Trump’s lawyer vows to block ICC bid to relaunch probe into US soldiers’ ‘war crimes’
A personal attorney of President Donald Trump has traveled to The Hague to contest an International Criminal Court (ICC) war crimes investigation targeting US forces overseas, arguing the body has no jurisdiction.
The ICC’s chief prosecutor Fatou Bensouda is set to make a second request to launch a full war crimes probe this week, after she was barred entry into the US to pursue an initial investigation in April and shot down by a panel of ICC judges. This time, one of the president’s personal lawyers, Jay Sekulow, will testify to challenge the move.
“The #ICC’s Prosecutor is seeking to investigate ‘war crimes’ charges against members of our #US Armed Forces,” Sekulow said in a tweet. “I’m in #TheHague right now, preparing to fight for the interests of our brave military & their freedoms.”
The #ICC’s Prosecutor is seeking to investigate “war crimes” charges against members of our #US Armed Forces. I’m in #TheHague right now, preparing to fight for the interests of our brave military & their freedoms. Lend your voice. Sign our petition now. https://t.co/1mN70DLbRl
— Jay Sekulow (@JaySekulow) December 2, 2019
The lawyer was allowed to file a “friend of the court” brief as an independent expert and says he will use his 10 minutes of testimony to defend American servicemen from accusations, insisting the ICC “has no jurisdiction over our soldiers.” Washington has not asked to present its own arguments separately, however, meaning Sekulow will respond to written arguments already submitted to the court.
Our case at the #ICC is possibly the most significant int’l case we’ve ever taken on. I am here in The Hague with our team, ready to appear in person at the ICC to defend our military’s interests. Your donations make an impact. Sign & donate today. https://t.co/8Cny6e4W4t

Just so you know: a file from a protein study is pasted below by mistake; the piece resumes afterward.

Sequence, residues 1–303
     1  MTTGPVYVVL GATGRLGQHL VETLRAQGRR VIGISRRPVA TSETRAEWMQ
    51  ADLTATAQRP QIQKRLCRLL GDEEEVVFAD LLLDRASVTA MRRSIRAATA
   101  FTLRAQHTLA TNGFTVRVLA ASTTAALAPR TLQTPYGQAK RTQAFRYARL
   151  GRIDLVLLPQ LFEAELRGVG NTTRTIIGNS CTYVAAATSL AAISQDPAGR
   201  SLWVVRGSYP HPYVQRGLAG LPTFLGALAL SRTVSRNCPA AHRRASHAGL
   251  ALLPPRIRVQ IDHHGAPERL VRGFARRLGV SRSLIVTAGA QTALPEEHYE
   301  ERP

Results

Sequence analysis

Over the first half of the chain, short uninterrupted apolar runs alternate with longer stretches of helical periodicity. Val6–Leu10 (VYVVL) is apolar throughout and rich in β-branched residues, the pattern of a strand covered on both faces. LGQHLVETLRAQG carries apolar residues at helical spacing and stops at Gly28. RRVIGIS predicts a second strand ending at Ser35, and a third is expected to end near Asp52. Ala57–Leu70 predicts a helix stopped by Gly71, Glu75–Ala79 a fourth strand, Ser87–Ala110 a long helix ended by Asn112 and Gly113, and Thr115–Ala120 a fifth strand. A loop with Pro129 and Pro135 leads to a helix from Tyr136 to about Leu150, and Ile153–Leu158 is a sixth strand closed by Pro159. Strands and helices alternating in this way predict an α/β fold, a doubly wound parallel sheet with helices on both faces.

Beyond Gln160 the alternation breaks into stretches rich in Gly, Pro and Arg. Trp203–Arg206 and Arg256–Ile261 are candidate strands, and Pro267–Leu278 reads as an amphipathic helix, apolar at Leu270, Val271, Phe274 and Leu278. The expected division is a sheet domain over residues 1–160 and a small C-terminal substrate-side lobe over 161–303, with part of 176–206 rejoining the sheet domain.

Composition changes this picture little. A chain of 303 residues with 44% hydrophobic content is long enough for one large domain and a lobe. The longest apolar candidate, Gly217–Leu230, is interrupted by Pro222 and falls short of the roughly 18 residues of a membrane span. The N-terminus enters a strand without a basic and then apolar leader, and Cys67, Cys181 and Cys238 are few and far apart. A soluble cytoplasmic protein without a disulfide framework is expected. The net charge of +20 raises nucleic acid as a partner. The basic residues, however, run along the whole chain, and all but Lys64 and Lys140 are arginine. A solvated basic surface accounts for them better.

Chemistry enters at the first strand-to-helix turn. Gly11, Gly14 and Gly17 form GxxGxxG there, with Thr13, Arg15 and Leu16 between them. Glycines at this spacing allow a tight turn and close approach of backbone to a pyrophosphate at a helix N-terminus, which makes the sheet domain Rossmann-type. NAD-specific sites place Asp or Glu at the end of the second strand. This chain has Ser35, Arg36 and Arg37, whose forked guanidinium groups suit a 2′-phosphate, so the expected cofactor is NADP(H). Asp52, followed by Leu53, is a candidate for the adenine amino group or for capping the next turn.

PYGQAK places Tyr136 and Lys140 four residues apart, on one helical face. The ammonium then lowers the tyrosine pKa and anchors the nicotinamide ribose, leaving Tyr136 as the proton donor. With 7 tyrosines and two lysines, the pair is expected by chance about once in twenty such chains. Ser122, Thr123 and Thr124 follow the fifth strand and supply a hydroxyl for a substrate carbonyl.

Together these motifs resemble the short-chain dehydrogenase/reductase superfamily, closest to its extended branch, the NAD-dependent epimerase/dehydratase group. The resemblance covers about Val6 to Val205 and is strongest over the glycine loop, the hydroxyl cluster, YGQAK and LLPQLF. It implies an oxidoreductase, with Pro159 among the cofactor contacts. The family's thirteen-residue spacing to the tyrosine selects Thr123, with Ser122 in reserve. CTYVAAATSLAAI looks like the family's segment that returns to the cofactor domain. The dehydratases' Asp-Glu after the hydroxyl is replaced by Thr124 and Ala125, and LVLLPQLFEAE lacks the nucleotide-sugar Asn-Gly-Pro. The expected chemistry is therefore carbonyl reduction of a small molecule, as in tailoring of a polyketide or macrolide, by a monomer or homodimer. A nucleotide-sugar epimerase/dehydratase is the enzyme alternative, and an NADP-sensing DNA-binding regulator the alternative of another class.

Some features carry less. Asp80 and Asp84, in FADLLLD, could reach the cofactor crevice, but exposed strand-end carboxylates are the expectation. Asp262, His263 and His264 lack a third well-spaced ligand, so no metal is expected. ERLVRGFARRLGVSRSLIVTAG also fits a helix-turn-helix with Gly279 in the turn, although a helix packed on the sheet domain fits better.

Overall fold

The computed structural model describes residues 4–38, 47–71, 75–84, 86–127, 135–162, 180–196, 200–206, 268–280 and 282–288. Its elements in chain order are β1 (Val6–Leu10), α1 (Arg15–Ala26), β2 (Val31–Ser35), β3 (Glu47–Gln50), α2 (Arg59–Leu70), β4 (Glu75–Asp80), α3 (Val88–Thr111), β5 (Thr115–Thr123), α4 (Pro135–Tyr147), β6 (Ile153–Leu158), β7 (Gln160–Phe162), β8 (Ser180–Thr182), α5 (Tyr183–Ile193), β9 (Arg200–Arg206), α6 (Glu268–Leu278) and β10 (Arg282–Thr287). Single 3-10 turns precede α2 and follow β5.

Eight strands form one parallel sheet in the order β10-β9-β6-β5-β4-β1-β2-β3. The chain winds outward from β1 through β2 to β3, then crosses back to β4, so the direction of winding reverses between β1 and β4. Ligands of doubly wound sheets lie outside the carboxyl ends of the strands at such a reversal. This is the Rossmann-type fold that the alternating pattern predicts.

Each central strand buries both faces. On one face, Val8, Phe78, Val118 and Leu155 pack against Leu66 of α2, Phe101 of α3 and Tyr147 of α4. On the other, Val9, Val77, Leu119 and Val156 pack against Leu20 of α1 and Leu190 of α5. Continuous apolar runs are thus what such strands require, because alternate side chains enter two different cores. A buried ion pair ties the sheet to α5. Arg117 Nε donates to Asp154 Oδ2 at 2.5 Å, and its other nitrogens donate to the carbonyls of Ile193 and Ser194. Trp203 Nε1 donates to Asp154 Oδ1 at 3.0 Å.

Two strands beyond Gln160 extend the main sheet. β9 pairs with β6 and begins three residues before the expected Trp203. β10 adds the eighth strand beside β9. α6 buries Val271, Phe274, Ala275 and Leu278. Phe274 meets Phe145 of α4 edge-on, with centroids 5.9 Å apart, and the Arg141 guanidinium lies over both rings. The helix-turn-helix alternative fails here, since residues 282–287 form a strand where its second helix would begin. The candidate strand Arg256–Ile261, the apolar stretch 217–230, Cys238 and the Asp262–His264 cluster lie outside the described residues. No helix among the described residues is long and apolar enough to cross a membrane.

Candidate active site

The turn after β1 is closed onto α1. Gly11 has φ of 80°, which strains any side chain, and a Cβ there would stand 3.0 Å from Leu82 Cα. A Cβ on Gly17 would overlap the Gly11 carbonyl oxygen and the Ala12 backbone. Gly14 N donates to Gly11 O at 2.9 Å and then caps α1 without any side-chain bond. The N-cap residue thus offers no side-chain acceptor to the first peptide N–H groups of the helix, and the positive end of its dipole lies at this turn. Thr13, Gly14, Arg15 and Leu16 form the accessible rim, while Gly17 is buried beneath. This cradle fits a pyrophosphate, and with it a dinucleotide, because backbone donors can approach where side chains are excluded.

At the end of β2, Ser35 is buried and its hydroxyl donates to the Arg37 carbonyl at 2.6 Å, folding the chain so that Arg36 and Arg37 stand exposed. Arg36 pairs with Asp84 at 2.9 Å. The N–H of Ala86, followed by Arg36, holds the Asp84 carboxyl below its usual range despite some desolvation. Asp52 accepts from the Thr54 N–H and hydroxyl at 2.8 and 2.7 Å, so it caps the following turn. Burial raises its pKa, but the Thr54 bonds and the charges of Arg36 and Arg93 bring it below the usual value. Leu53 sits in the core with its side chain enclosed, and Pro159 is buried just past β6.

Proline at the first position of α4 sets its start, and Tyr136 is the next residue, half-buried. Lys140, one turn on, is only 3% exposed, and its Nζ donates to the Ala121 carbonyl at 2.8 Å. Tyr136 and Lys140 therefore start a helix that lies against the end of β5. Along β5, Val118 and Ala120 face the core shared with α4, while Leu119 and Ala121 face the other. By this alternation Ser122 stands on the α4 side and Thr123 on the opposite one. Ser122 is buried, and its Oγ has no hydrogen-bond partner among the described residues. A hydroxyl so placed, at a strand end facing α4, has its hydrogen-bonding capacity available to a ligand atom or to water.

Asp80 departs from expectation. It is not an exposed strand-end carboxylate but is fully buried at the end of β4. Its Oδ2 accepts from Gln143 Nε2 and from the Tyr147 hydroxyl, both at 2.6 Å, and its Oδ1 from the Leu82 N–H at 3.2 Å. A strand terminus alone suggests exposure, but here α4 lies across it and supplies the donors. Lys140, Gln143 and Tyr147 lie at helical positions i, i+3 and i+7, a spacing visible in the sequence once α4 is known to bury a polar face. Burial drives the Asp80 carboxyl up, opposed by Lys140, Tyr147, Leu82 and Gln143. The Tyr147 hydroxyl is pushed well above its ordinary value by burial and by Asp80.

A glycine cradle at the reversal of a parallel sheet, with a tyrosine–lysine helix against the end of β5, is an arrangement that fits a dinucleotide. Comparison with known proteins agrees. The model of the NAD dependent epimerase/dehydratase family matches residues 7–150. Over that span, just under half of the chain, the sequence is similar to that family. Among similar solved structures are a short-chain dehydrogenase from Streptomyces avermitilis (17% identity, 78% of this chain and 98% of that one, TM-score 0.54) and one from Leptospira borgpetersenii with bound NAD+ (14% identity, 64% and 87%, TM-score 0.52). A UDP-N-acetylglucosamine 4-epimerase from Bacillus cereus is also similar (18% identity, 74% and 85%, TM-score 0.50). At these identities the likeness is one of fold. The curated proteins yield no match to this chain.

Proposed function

— Jay Sekulow (@JaySekulow) December 3, 2019
Based on preliminary evidence, prosecutors say they have indication US forces, including employees of the CIA, abused detainees in Afghanistan, which could rise to the level of a war crime.
President Trump has taken aim at the ICC previously, criticizing its “broad” and “unaccountable” prosecutorial powers, and has chafed at the idea of war crimes charges for American soldiers in general, even in US courts. Last month, the president pardoned two Army officers facing war crimes charges for their actions in Afghanistan, and reinstated the rank of Edward Gallagher, a Navy SEAL who was accused of similar atrocities during his deployment in Iraq, but ultimately acquitted of most charges in court.
The military later ordered a review to consider expelling Gallagher from the SEALs before he retired, but President Trump intervened in the row and stopped the process dead in its tracks. Navy Secretary Richard Spencer, who was accused of working out a backroom deal with the White House to ensure Gallagher kept his credentials, was fired as a result.
The ICC first opened its doors in 2002, tasked with prosecuting war crimes, genocide and crimes against humanity if they were carried out on the territory of any of its 123 members – including Afghanistan – or by a citizen of one of the body’s member states. While a signatory to the ICC, the United States (as well as Russia) never ratified the treaty which established the body, and does not consider itself legally bound by its rulings.
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